Usually, light or subtle are not adjectives one would immediately associate with a Lutens creation. And not that Ambre Sultan is either of these traits, but it is way less than what I was expecting in volume.

I thought an amber fragrance from our dear Serge would blast me clean out of my boots, to put it mildly. What I got was a purring kitten, sleeping in my lap, spreading its warmth, not a roaring tiger that is out to have me for dinner.

Ambre Sultan is a gorgeous perfume, an amber to love, an amber to cherish, an amber perfect in its execution, but it does not pack a punch like Annick Goutal Ambre Fetiche, Armani Privé Ambre Orient, Parfums d’Empire Ambre Russe or Tom Ford’s Amber Absolute, it is a lot subtler and lower in volume.

I would not make that much of a fuss, were it not a Serge Lutens perfume. You just come to expect certain things and when they are not met, there is a kind of disappointment, that is not necessarily rational or justified. But it is there nonetheless. […][¶]

Things would be different had I come from the other side. Never having smelled an amber scent like the ones mentioned above, would probably have resulted in a different view.

Despite that initial disappointment, Olfactoria (or Birgit) grew to love the scent, finding it “erotic” and “deeply sexy.”

I part ways with her there. I find Ambre Sultan to be cozy and safe, verging a little on the uninteresting, given the way that it manifested itself on my skin. It’s surprisingly boring and linear for a Lutens, too. But perhaps my heart is simply too taken by Profumum’s Ambra Aurea with its gloriously different focus on pure ambergris — in the most enormous, expensive quantities imaginable — resulting in a smoky, sultry, endlessly smooth, insanely concentrated fragrance that I couldn’t get out of my head. (I cannot wait for my 30 ml decant to arrive!)

Still, if you’re new to amber, please don’t let me stop you from trying Ambre Sultan. It’s a great amber fragrance that is surely bound to be very satisfyingly rich for you. As the perfume critic, Tania Sanchez, writes in her four-star review in Perfumes: the A-Z Guide, Ambre Sultan essentially pioneered the way for all the amber fragrances which later ensued. It started the trend when it was originally released in 1993, and has been hotly copied ever since. As she says, “[w]hat distinguishes Ambre Sultan in this now-crowded arena is a high dose of fantastic dried-herb smells, which give it, in the top, a dusty, salty, outdoor air, before the more familiar vanillic-balsam plot takes over.”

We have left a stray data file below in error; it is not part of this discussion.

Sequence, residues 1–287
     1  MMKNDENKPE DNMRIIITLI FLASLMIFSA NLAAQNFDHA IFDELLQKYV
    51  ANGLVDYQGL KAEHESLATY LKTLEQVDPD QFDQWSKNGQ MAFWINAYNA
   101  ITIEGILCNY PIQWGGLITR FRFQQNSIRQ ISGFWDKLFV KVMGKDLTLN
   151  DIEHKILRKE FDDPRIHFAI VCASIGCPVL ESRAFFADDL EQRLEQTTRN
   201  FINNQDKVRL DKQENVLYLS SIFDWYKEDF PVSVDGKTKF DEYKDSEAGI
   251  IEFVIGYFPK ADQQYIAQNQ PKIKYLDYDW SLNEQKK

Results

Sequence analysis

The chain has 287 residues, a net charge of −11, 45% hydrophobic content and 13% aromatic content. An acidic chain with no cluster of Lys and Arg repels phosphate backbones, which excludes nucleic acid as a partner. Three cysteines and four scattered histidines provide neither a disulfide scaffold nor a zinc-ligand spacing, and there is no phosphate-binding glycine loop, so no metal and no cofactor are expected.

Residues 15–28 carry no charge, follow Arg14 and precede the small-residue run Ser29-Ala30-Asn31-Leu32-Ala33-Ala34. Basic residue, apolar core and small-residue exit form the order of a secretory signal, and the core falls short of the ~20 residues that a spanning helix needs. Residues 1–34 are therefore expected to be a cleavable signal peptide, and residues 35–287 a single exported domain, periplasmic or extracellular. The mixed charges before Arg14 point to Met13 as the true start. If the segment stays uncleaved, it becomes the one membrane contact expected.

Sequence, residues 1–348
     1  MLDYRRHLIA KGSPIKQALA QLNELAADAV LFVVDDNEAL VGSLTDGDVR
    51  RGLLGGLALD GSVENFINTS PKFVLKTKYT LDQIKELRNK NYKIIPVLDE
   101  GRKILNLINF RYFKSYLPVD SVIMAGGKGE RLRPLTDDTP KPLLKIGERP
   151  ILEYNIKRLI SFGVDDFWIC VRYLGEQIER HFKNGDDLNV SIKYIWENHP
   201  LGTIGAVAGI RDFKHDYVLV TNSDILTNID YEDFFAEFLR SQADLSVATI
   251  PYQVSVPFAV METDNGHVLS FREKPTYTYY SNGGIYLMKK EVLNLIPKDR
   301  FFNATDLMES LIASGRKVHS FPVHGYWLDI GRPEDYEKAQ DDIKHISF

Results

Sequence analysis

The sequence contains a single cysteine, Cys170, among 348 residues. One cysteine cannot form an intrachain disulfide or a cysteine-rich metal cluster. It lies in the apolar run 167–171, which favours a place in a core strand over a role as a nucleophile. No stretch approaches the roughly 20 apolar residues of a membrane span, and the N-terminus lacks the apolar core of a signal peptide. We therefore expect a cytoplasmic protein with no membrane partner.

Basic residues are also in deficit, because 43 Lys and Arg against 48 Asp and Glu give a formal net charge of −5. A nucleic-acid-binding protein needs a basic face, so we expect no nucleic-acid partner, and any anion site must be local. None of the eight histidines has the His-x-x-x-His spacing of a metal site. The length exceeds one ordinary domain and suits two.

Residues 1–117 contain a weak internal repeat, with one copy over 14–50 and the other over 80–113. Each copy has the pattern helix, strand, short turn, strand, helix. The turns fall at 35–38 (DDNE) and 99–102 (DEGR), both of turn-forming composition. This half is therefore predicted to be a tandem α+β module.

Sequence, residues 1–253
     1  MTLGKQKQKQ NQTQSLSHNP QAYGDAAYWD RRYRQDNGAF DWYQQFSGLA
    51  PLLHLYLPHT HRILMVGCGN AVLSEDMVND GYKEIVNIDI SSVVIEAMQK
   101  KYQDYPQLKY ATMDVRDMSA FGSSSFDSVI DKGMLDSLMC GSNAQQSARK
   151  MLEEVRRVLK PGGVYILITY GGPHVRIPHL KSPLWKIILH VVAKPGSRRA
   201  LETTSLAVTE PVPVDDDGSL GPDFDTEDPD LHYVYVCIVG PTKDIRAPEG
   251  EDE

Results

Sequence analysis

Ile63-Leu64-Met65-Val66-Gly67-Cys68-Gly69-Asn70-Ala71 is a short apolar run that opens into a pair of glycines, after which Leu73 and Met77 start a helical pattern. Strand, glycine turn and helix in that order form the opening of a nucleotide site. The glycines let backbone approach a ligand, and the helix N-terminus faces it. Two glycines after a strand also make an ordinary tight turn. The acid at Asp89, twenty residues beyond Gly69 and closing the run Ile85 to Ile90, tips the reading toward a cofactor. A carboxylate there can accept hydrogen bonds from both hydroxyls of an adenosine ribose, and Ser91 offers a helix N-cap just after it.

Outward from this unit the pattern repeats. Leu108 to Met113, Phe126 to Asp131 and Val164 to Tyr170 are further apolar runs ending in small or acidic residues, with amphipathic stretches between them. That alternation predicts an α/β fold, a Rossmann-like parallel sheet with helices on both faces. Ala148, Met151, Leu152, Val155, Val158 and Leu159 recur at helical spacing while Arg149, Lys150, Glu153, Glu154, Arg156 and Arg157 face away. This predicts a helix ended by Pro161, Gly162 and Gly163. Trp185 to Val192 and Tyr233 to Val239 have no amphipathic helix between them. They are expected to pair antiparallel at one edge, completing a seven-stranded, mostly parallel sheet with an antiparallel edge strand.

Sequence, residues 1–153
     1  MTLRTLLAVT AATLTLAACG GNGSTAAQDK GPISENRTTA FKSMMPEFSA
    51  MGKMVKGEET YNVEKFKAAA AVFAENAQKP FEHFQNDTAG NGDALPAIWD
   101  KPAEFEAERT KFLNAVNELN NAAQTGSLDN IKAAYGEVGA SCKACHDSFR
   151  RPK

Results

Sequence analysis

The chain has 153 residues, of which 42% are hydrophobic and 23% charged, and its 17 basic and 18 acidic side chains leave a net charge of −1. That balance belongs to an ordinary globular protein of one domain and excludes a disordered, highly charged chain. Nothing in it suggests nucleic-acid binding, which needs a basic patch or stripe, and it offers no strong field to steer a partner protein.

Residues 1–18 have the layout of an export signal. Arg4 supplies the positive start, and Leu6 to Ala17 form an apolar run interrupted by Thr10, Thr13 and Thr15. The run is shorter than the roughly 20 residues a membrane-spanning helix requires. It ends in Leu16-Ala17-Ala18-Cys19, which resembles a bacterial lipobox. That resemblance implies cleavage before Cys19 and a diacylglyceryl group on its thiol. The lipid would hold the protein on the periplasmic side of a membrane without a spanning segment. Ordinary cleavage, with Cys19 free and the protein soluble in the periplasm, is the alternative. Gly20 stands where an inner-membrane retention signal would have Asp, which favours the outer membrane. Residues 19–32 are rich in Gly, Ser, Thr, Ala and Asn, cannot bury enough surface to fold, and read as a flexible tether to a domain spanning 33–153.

My only word of caution — and it is a strong one, indeed — pertains to those distinguishing herbs. My skin amplifies base notes, so I didn’t get a lot of the herbal blast at the top, but you should expect it unless your skin is like mine. Some people really cannot stand the bay leaf, while others struggle with the oregano, or find the overall combination to evoke medicinal images. For example, on one Basenotes thread, some of the negative reviews consist of the following:

  • I was very excited to try this fragrance…. applied some on my wrist and took a sniff!!! oh oh! I don’t like this one that much… this smells like the Chinese medicine that my mom used to give me as a kid when I have an upset stomach… this smells like coriander with some Chinese herbal medicine.
  • I like the ambre basenotes but not the kitchen spices in the opening.
  • Yeah I feel the same way. It smells like awkward mint. Like eating a weird foreign dish full of spices and then chewing gum. Bleh
  • I actually hate this fragrance, it turned me off to amber for a while..the herbal was more than I could stand and after a few hours I actually felt sick. About the most unpleasant experience I’ve had with a fragrance.

Those comments are in the minority, however, as many, many people adore Ambre Sultan. There are extremely positive reviews in that same thread, as there are on Fragrantica where some gush in all-caps about their love for Ambre Sultan, or write:

  • If I can only have one perfume, this will be it. The opening is quite strong but then as it dies down, a warm comforting amber cocoons your surrounding.
  • Normally I have no desire to sit in the smoke direction by a campfire. But this fire has the most amazing smoke. The wood on the fire is pure sandalwood. An amazing hot, smoky, spicy perfume. Makes me quite warm. Check me in as part of the harem of Ambre Sultan’s Palace.